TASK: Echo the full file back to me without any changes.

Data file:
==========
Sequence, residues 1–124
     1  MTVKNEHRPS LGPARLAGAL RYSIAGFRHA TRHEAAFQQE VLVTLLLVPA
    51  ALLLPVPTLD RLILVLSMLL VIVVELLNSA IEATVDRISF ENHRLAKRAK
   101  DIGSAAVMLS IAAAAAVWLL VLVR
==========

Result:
Sequence, residues 1–124
     1  MTVKNEHRPS LGPARLAGAL RYSIAGFRHA TRHEAAFQQE VLVTLLLVPA
    51  ALLLPVPTLD RLILVLSMLL VIVVELLNSA IEATVDRISF ENHRLAKRAK
   101  DIGSAAVMLS IAAAAAVWLL VLVR